Do it well.
Do it with a good attitude.
Do it for a long time.
And you will become it.
Hazel and Nora started piano lessons a few months ago and it has been fascinating to see how they are each responding to the piano, the music, and a practice routine. I’m watching their skills develop little by little each week. Hazel is a good student in all things. She keeps up with her work and doesn’t like to disappoint those that are counting on her. She also loves music. She practices, has a good attitude, and likes what she’s learning, which all help to make her a really good piano student. Nora, on the other hand, is not enjoying piano. It’s parental/child mutual torture to get her to practice even a few times a week. When Wes is here, she does her best to get him to talk about anything other than piano. He patiently keeps her on task. He might be a saint.
The girls have different attitudes about these lessons, but both are progressing. Nora is almost through her first book of songs and Hazel has moved on to some sheet music. Even though Nora is learning stuff and is getting better, there’s a notable difference (pun intended) in how much the music seems to be a part of each of them. Hazel likes it, owns it, and is really proud of what she has accomplished. Even though Nora is spending time at the piano, her real energy is going into avoiding the task. When she’s playing she’s really practicing wearing us down. On days we are very persistent, she focuses on cranking out the minimal amount of practice with as little effort and the least amount of attention possible. (True confession: As much as it annoys me, I can totally relate. I wasn’t much of a piano student and employed many of these tactics myself. )
Watching the girls learn this new skill makes me wonder about two things:
- What is my attitude when I practice yoga? Which kind of practitioner am I? Am I practicing with attention? Am I operating with a good and open attitude? And am I connected to what I’m learning? Or am I going through the motions but actually practicing ‘avoiding what I’m really there to do’?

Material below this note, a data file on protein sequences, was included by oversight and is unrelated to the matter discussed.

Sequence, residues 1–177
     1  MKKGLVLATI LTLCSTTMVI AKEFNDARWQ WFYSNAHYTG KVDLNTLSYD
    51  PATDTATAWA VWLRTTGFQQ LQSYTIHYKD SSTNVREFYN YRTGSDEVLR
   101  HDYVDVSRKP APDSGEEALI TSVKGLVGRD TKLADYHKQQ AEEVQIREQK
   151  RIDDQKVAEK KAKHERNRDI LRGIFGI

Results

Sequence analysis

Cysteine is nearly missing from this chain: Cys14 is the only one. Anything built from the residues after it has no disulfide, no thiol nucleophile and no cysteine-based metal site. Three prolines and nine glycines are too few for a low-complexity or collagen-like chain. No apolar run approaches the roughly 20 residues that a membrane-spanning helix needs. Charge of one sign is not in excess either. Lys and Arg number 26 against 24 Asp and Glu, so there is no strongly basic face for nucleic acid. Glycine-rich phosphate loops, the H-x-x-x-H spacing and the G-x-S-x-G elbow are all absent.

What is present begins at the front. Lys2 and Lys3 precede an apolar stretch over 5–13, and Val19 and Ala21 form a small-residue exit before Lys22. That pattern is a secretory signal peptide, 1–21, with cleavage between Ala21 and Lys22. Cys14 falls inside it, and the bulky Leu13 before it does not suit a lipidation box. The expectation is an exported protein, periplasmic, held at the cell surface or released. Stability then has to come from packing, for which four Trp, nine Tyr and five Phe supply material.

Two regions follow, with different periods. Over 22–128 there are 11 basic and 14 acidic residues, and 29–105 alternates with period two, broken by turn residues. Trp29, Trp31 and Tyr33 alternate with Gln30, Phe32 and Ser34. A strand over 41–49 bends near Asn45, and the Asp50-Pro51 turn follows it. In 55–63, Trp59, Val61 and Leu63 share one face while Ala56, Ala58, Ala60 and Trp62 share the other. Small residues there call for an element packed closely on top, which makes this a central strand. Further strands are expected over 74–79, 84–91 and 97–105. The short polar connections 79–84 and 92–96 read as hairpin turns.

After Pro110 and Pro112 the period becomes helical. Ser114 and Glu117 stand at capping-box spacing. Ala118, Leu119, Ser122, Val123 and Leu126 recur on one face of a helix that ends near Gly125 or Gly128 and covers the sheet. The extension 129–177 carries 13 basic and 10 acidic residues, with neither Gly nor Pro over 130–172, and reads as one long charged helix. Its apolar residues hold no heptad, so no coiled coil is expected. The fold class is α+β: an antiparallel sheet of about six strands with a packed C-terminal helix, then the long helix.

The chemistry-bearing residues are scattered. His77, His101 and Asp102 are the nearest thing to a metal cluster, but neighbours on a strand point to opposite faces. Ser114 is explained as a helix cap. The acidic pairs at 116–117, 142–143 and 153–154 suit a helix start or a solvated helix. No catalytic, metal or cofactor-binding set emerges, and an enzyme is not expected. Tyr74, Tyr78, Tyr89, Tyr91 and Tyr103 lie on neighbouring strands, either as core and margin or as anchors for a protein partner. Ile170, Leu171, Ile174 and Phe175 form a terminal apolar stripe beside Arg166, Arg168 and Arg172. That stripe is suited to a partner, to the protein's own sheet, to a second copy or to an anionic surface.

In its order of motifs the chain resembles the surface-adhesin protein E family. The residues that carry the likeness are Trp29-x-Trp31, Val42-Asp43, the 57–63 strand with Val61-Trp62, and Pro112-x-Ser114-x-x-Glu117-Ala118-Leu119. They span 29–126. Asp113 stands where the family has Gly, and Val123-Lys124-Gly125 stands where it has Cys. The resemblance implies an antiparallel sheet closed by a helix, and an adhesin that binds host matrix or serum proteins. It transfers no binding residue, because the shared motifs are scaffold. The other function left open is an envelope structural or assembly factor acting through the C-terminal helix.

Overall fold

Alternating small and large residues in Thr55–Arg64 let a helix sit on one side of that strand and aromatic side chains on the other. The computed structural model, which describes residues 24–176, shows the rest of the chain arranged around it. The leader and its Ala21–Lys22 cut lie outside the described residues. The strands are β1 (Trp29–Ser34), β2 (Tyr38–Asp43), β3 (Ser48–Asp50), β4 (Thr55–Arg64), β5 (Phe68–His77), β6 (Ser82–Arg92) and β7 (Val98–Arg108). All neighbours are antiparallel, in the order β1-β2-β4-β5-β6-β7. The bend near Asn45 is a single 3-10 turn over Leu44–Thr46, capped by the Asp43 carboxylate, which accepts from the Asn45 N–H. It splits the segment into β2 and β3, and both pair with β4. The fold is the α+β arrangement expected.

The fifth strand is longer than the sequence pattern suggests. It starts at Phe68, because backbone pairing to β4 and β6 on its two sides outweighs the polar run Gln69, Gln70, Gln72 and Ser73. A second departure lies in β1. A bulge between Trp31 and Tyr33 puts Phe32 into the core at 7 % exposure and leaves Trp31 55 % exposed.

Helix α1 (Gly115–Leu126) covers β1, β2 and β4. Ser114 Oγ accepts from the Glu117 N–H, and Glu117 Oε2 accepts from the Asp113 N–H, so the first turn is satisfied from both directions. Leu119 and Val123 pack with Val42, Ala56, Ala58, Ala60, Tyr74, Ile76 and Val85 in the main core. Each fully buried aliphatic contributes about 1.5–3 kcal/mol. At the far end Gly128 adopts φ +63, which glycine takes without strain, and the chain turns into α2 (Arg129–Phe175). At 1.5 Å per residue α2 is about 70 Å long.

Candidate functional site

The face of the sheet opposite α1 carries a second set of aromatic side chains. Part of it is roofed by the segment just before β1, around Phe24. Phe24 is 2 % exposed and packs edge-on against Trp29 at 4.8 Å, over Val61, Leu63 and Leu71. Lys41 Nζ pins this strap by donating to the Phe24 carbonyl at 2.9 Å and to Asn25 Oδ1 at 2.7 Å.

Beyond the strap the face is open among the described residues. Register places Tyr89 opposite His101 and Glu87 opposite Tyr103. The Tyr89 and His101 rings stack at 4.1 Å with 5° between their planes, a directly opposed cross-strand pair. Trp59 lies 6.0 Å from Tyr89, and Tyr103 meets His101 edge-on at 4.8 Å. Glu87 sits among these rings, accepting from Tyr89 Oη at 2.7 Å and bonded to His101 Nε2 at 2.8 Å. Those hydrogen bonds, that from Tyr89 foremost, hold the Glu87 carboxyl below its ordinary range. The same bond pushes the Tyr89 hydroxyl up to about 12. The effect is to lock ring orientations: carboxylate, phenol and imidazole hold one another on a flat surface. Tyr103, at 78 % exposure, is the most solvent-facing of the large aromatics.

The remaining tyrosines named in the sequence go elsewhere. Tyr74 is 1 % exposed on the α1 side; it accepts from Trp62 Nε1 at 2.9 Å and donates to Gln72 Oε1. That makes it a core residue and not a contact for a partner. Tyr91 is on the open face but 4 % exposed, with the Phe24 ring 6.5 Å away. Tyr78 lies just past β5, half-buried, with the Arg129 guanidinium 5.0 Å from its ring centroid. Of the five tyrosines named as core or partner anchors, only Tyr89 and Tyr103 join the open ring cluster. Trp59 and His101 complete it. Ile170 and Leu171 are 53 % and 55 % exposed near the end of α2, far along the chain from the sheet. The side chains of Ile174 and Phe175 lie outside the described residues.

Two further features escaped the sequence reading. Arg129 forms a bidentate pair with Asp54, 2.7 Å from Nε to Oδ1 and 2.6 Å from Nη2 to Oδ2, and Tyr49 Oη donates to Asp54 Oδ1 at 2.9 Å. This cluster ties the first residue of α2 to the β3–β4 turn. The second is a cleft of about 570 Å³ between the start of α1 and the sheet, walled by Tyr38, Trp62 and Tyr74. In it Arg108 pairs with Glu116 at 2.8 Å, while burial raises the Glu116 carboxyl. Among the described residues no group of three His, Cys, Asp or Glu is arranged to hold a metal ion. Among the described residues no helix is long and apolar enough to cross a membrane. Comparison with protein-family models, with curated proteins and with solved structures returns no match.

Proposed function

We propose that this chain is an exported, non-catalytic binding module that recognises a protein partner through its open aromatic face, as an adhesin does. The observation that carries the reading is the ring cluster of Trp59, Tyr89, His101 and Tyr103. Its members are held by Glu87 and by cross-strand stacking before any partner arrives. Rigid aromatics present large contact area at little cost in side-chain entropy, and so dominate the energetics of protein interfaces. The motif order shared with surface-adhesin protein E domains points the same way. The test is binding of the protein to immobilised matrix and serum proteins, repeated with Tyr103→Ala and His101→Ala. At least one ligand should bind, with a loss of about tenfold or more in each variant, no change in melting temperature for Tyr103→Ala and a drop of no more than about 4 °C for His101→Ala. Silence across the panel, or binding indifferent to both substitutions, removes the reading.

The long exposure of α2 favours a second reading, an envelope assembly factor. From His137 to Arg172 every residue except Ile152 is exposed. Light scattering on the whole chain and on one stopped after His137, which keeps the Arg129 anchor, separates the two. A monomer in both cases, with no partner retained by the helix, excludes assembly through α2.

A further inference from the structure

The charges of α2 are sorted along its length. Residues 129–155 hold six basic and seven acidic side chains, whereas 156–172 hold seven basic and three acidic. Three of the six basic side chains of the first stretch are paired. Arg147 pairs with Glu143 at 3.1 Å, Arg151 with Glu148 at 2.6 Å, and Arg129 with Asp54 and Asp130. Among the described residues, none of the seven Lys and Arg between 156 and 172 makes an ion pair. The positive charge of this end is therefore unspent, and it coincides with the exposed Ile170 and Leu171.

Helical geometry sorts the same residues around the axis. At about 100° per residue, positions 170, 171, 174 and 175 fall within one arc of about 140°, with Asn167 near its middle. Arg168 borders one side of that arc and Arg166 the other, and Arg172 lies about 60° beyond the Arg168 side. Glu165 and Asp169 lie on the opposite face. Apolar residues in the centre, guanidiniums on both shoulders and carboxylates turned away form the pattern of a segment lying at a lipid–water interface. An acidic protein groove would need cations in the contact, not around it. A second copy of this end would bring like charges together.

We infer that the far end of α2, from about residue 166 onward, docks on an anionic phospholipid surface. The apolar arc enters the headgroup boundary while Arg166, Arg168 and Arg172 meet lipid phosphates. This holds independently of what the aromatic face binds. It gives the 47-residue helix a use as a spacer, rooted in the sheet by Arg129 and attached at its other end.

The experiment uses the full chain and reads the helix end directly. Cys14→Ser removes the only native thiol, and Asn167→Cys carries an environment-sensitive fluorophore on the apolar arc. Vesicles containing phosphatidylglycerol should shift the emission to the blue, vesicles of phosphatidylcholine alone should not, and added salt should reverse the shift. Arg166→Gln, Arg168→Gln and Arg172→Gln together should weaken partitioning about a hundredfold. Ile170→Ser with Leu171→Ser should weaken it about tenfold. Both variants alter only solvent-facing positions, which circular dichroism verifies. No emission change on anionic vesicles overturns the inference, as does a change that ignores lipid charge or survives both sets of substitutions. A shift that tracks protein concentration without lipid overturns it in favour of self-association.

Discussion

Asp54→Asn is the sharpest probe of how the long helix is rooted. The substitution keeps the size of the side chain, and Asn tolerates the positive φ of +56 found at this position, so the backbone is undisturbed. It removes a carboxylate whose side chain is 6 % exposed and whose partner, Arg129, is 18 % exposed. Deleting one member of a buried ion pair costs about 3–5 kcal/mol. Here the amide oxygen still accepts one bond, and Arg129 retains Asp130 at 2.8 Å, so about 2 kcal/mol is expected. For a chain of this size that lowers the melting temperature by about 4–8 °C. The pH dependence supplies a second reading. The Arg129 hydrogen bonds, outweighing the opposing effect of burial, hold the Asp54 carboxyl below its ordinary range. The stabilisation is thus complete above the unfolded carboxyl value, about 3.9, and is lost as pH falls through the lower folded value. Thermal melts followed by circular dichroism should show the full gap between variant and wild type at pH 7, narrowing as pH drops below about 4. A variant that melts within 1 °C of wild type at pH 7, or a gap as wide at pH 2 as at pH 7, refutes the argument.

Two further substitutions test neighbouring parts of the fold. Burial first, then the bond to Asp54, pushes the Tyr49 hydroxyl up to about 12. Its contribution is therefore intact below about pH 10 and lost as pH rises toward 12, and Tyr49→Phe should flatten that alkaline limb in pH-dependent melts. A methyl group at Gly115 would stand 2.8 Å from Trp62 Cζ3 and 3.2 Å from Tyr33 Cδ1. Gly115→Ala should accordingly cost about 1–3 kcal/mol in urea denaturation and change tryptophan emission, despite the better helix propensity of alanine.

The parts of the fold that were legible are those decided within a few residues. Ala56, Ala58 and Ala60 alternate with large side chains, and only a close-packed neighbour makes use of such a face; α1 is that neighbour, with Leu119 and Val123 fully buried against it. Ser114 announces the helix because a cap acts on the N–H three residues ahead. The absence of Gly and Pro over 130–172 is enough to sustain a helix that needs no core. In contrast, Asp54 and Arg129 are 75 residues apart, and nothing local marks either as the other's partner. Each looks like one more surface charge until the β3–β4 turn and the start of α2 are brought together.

- Patañjali lays out the process of yoga and how we learn something new in Yoga sūtra 1.17 and it totally applies to piano lessons.
This sūtra says…
vitarka-when we first start piano, we have only a gross understanding of it
vicāra- as we practice, it becomes more subtle
ānanda- this process brings us joy
asmitā-rupa- eventually we know the piano so well that we become one with it. We don’t have to think about correct posture or “every good boy does fine.” It’s already there in our muscles and on the paper when we sit down.
anugamāt- It’s through this process over a long time that
saṁprajñātah – our understanding of the instrument and the music that it makes, becomes a part of us.
If we want to have more of something in our lives, then we need to spend time doing that thing. It’s not enough to merely go through the motions. We practice to have more of the kind of experiences we want and with an attitude that fosters a love of learning, ānanda. The experiences that help us to connect, earnestly and eagerly, to the things we want in our lives, are experiences that shape who we are and who we become.
Ojai Women’s RETREAT
REAL LIFE. REAL TOOLS.
AUGUST 31ST TO SEPT. 5TH, 2016
This 5-day retreat is specially designed to teach you the art of unlearning and letting go of old patterns that have long since lost their usefulness while also providing precious leisure time which allows these new skills and understandings to become more rooted in your daily life.
We teach Yoga, Ayurveda and the Alexander Technique in a practical and meaningful way so that when you return home you will have useful tools to keep this new, balanced relationship going—not only within yourself but with everyone around you.
Carol P. Prentice ~ Amanda Green ~ Sydney Laurel Harris
AGY readers receive a $200 discount on or before May 15th! Enter the code *RENEW2016* in your registration form under questions and comments. (*cannot be combined with any other discounts)